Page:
using System.Text; 
using System.Data.SqlClient; 
using System.Data; 
using System.Configuration; 
namespace DAL 
{ 
public class DAL 
{ 
    String strcon = ConfigurationManager.AppSettings.Get("F"); 
    SqlConnection con; 
    SqlCommand cmdselect; 
    //SqlCommand cmdupdate; 
    //SqlCommand cmdDelete; 
    SqlDataAdapter da;

    public DataSet GetData() 
    { 
        con = new SqlConnection(strcon); 
        cmdselect = new SqlCommand(); 
        cmdselect.CommandText = "dbo.PRCALLDATA"; 
        cmdselect.CommandTimeout = 0; 
        cmdselect.CommandType = CommandType.StoredProcedure; 
        cmdselect.Connection = con; 
        da = new SqlDataAdapter(); 
        da.SelectCommand = cmdselect; 
        DataSet Curriculat = new DataSet(); 

        try 
        { 
            con.Open(); 
            da.Fill(Curriculat); 
        } 
        catch (SqlException) 
        { 
            throw; 
        } 
        finally 
        { 
            con.Close(); 
        } 
            return Curriculat; 
        } 
    } 
}

Go back to the Design view and click the GridView, and a property window will appear. Click on the Sign that looks like a lightning.

Event_windows.JPG

And double click the GridView1_PageIndexChanging event, and make sure it looks like this:

protected void GridView1_PageIndexChanging(object sender, GridViewPageEventArgs e) 
{
    GridView1.PageIndex = e.NewPageIndex; 
    GetData(); 
}

BLL

In the BLL, we call the function we created in DAL and wait for the PL (Presentation Layer) to call it. Go to your BLL project and do the following. Add a reference to the project DAL and go to your Presentation Layer (website) and add a reference to BLL. Remember, the PL should not access the DAL directly; it should go via the BLL.

Now, make sure that your BLL looks like this:

using System;
using System.Collections.Generic;
using System.Text;
using System.Data;
using System.Data.SqlClient;

namespace BLL
{
    public class BLL
    {

        public DataSet GetData()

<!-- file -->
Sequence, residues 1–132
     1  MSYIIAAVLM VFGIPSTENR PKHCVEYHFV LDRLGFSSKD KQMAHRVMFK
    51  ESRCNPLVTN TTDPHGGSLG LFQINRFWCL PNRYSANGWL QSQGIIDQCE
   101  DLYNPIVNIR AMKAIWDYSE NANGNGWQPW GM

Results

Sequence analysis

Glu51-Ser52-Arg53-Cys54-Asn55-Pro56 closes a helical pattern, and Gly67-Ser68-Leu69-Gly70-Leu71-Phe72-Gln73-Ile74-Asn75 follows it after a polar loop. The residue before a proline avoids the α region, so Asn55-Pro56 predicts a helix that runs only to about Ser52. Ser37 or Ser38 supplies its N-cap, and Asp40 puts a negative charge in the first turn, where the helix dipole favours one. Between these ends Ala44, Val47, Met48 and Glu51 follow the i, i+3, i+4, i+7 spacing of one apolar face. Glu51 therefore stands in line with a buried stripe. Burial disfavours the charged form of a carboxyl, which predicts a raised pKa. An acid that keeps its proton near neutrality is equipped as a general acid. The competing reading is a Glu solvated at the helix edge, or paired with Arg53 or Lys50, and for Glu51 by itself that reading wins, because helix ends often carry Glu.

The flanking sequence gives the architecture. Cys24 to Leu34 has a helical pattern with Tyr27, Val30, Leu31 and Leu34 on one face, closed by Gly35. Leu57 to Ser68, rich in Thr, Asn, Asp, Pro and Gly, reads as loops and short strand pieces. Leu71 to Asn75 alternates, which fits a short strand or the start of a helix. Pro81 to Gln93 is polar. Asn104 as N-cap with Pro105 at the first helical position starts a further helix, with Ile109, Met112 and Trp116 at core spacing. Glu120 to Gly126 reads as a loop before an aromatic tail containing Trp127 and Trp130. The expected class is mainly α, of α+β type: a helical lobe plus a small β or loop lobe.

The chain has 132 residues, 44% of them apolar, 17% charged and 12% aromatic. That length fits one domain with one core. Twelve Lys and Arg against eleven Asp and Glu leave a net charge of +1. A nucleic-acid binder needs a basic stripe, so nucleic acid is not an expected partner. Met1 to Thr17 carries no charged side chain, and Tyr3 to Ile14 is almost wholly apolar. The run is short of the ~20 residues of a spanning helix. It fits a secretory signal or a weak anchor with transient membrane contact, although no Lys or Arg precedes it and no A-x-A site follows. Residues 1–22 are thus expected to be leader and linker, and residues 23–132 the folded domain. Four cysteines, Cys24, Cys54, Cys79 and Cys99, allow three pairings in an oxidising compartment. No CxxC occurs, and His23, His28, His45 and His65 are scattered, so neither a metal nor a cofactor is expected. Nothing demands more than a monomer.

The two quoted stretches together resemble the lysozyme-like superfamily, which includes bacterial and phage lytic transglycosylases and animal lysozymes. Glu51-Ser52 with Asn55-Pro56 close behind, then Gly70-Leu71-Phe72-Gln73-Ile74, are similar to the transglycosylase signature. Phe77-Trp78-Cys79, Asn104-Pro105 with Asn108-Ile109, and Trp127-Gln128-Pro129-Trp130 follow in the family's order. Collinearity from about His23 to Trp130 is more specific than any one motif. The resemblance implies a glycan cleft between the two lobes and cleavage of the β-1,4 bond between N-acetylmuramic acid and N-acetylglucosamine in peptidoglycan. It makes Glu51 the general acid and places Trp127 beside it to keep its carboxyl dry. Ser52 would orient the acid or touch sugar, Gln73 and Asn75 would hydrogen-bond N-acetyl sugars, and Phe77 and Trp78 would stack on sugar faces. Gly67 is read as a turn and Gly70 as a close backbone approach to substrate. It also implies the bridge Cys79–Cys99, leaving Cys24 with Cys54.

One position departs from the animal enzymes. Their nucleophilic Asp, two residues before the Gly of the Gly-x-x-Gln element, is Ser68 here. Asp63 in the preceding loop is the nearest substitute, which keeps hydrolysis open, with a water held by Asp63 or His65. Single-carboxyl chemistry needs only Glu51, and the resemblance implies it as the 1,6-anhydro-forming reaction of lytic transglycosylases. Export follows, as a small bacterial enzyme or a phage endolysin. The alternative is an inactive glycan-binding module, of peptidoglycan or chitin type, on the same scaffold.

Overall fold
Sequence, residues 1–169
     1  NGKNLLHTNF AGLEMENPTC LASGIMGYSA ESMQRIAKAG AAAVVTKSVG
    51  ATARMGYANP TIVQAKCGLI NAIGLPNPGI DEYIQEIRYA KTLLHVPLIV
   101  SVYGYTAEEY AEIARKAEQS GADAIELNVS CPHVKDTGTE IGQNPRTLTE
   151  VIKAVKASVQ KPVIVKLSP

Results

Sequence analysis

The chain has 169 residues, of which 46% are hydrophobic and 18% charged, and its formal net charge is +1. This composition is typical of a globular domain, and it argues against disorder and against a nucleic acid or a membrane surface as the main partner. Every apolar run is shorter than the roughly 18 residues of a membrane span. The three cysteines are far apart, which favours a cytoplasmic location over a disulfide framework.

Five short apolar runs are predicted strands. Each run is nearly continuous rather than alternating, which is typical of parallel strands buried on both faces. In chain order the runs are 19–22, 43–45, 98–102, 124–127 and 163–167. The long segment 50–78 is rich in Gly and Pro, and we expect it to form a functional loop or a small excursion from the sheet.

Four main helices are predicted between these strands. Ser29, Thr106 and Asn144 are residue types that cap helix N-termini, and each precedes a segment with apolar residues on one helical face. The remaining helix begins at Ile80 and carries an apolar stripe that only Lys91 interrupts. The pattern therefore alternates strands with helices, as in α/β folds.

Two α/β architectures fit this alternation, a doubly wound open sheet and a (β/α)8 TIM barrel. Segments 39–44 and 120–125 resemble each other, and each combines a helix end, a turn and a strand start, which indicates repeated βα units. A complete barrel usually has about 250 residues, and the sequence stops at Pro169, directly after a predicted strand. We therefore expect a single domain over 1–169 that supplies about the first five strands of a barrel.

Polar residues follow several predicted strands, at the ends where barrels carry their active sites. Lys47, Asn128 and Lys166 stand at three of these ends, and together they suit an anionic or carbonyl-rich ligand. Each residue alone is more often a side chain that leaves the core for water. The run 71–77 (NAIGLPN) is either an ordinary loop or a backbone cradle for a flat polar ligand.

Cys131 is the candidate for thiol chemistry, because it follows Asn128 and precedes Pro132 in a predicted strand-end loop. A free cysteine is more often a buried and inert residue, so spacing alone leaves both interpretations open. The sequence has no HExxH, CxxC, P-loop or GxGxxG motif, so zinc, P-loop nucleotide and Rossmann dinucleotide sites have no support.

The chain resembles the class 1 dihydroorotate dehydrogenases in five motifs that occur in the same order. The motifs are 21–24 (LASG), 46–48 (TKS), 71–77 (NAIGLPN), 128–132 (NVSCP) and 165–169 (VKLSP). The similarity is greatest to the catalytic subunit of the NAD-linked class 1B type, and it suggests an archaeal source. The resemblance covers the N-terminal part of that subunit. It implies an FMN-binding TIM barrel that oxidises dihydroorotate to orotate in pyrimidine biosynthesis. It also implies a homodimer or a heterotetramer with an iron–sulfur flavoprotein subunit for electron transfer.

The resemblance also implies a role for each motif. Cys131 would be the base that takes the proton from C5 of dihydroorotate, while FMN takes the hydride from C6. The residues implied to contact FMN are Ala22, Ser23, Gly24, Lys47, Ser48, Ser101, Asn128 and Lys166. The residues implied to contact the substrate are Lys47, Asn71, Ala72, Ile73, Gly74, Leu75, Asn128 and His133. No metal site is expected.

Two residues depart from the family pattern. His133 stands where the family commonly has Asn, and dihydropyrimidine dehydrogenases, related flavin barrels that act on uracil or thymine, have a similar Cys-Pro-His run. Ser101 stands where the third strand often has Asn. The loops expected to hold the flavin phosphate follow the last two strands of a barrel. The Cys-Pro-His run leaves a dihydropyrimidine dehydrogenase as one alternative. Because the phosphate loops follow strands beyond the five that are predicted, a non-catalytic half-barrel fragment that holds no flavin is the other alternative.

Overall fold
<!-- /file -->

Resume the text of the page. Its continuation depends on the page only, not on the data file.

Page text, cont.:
{
            DAL.DAL obj = new DAL.DAL();

            DataSet Curriculat = new DataSet();

            try
            {
            Curriculat =  obj.GetData();
            
            }
            catch(SqlException)
            {
                throw;
            }
            return Curriculat;
        }
    }
}

Back to PL again

Go to your PL (Presentation Layer), your ASPX page, and double click. Make this your code-behind code:

private void GetData()
{
    DataSet Curriculat = new DataSet();
    BLL.BLL obj = new BLL.BLL();
    Curriculat = obj.GetData();

    GridView1.DataSource = Curriculat;
    GridView1.DataBind();
}

Now, this will bind your DataSet to the DataGrid. You just call the function now. On your button Click event, call the function to bind the GridView like this:

protected void btnShowData_Click(object sender, EventArgs e)
{
    GetData();
}

When you are done, build and press “F5” to admire your work. And, you should see something like this:

Final_results_small.JPG

Click on the numbers at the bottom to navigate to another page. I don’t say I am good, I just explained how it was done without a wizard so that I can continue without using a wizard.

Conclusion

On my next article, we will Update, Delete, and Insert into the GridView. On my previous articles, we did it in a Windows application, and now we are going to do it via Web. This article is dedicated to (www.ITS.co.za) and Kamogelo Mokgoro from PostOffice (www.SAPO.co.za), because this is the first article I have written since I joined them on 10 December 2008. Thank you.

License

This article, along with any associated source code and files, is licensed under The Code Project Open License (CPOL)

Share

About the Author

Vuyiswa Maseko
Software Developer (Senior) Dotnetfunda
South Africa South Africa
Vuyiswa Junius Maseko is a programmer and a moderator in ".NetFunda. Vuyiswa has been developing for 15 years now. his major strength are C# 1.1,2.0,3.0,3.5 and sql and his interest are in Silverlight,WPF,C#. He has been doing a lot of Silverlight development. He has been using .net since the beta version of it. He is also an online Trainer at www.Itfunda.com. Thanks to people like Sheo Narayan (.Netfunda) , Chris Maunder (codeproject), Colin Angus Mackay (codeproject), Dave Kreskowiak (Codeproject),.They have made vuyiswa what he is today.
Follow on   Twitter

Comments and Discussions

 
GeneralMy vote of 1 Pinmembercodeguruj23-Jan-09 7:17 
GeneralRe: My vote of 1 [modified] PinmemberVuyiswa Maseko12-Feb-09 20:47 

General General    News News    Suggestion Suggestion    Question Question    Bug Bug    Answer Answer    Joke Joke    Rant Rant    Admin Admin   

Use Ctrl+Left/Right to switch messages, Ctrl+Up/Down to switch threads, Ctrl+Shift+Left/Right to switch pages.

| Advertise | Privacy | Terms of Use | Mobile
Web01 | 2.8.141220.1 | Last Updated 12 Jan 2009
Article Copyright 2009 by Vuyiswa Maseko
Everything else Copyright © CodeProject, 1999-2014
Layout: fixed | fluid